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An artist’s rendering of the Teacher Education and Learning Center building.

budget for fiscal year 2012. “Speaker Ralston has a great affinity for our community. He has been a long-time friend and advocate for this area and for the College of Coastal Georgia. His assistance has been key in securing the necessary state resources for the College.” Speaker Ralston described the College as a “real gem” in his remarks and declared Dr. Hepburn to be one of the finest college presidents in the University System of Georgia. Noting that the state is on the brink of a period of greatness and ready to shine, he credited the state’s investment in higher education as a wise investment in the future, a strategy that should continue. The Honorable Ray Snow, Chairman of the Glynn County Board of Education, cited the importance of the Center in training new teachers for Glynn County and noted the strategic location of the building – across the street from the new Brunswick High

Honorable David Ralston, 73rd Speaker of the Georgia House of Representatives.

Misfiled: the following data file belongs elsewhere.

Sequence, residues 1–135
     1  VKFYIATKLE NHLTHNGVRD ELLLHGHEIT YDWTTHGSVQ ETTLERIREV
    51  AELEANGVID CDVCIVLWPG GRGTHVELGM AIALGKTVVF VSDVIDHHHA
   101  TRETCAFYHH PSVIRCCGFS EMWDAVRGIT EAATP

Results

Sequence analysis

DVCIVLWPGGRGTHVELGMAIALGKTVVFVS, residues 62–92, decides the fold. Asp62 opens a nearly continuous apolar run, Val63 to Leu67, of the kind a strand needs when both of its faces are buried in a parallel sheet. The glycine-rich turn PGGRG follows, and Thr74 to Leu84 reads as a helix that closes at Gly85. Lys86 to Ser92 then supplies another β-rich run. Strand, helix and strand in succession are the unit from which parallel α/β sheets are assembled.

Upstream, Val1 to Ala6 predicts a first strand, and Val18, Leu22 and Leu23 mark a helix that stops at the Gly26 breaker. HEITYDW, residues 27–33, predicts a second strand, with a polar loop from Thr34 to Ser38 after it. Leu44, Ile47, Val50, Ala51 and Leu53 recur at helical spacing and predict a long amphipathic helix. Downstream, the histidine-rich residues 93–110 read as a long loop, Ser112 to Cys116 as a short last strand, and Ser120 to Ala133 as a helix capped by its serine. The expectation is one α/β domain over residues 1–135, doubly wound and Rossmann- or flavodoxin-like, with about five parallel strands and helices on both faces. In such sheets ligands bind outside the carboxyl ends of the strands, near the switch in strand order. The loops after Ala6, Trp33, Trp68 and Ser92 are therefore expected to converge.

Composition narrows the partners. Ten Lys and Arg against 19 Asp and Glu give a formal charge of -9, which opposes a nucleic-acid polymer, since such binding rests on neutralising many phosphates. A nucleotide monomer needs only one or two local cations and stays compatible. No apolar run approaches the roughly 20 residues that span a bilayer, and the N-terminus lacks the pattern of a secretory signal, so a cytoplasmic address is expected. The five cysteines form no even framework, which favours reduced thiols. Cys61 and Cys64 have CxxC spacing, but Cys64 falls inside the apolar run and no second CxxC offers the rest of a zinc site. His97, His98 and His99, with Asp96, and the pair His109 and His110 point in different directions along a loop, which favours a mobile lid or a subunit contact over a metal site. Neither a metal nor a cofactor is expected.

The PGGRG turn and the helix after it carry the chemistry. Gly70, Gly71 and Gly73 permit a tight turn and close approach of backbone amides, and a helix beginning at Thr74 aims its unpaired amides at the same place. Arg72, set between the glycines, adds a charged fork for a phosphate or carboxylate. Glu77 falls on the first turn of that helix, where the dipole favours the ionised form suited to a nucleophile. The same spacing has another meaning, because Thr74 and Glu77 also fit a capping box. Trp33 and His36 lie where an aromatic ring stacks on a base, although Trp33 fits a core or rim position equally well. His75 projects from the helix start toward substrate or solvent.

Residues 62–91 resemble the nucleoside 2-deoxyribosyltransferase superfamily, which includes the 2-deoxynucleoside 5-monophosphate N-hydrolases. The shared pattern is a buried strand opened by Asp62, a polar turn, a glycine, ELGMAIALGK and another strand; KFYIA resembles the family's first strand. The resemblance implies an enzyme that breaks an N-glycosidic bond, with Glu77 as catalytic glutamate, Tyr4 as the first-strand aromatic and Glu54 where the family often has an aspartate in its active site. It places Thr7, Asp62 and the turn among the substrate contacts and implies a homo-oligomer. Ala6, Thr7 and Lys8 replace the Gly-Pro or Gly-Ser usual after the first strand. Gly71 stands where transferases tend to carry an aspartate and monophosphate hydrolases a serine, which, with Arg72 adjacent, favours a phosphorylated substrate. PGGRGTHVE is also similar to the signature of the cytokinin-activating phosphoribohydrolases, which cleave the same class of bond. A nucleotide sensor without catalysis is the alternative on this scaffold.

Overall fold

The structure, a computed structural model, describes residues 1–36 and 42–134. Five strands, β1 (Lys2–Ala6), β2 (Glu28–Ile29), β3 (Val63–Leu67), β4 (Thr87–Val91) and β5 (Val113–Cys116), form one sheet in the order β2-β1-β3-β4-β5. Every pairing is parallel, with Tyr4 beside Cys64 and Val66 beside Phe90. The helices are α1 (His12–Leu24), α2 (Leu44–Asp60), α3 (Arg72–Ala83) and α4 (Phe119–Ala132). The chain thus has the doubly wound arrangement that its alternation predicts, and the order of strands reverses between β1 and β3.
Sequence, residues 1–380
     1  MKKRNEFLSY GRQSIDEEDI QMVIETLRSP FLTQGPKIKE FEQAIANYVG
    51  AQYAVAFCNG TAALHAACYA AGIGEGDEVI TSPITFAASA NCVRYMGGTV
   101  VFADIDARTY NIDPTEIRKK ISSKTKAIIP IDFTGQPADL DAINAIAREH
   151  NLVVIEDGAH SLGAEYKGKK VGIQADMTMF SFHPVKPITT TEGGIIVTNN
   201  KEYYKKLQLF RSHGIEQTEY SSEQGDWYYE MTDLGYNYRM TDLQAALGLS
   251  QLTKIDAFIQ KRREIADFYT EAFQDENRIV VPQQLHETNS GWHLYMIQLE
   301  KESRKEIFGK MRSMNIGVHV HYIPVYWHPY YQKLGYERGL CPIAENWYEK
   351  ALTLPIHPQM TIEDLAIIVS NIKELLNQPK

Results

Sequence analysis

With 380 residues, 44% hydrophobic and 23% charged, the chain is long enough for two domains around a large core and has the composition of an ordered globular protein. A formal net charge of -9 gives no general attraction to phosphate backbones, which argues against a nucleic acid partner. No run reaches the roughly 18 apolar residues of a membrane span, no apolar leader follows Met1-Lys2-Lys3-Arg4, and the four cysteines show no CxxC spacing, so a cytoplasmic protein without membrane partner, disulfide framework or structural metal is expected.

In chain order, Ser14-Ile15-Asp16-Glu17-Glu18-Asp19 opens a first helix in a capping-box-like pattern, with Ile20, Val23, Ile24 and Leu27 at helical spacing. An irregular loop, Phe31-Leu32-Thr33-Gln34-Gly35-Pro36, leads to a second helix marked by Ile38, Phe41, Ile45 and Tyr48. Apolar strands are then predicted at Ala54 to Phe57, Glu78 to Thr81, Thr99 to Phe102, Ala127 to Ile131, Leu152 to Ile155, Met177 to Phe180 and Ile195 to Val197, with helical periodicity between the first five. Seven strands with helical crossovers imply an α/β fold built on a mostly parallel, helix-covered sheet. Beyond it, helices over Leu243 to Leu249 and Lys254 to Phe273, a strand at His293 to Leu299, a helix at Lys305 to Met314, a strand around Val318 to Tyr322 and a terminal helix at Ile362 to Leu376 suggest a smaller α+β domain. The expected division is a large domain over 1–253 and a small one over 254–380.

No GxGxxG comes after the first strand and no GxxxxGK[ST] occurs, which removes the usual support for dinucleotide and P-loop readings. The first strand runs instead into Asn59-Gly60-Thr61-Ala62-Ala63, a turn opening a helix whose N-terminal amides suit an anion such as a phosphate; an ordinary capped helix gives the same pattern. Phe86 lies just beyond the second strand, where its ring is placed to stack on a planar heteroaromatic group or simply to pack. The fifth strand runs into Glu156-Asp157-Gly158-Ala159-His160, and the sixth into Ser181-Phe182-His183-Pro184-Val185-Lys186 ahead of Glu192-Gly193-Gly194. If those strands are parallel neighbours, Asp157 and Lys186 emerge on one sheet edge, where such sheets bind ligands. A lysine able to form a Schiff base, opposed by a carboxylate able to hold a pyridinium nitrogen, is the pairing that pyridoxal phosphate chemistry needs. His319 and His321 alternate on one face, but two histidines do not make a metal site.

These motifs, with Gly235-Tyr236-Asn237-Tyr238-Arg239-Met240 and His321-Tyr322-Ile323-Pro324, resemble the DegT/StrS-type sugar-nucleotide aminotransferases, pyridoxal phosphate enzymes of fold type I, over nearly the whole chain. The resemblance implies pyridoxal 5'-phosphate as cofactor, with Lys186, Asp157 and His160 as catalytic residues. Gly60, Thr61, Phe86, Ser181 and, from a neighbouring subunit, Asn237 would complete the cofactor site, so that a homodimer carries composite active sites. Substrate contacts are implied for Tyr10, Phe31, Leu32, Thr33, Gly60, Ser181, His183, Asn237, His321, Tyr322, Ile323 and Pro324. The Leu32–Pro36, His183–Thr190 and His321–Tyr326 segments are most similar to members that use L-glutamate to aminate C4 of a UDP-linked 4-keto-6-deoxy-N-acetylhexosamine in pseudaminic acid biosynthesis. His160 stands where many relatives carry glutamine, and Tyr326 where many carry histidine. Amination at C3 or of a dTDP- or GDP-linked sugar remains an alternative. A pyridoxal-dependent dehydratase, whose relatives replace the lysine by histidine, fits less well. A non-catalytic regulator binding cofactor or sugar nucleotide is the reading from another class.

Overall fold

School. Jeff Barker, President of the St. Marys United Methodist Church Foundation, a major partner in establishing the Center for Service-Learning, touted service-learning as a bridge between vision and reality. Dink NeSmith, Vice Chairman of the Board of Regents, reinforced the importance of the College to the region. Dr. Steve Wrigley, Executive Vice Chancellor of the University System of Georgia, pointed out the critical need for better education as a tool for economic development. State Senator William Ligon and State Representatives Alex Atwood, Jason Spencer and Joe Wilkinson joined former State Representative Jerry Keen and former Regent Jim Bishop in wielding shovels. A second line included members of the design and build team – Ajax Building Corporation and Baker Barrios Architects – as well as the Georgia State Finance and Investment Commission, College administrators and faculty.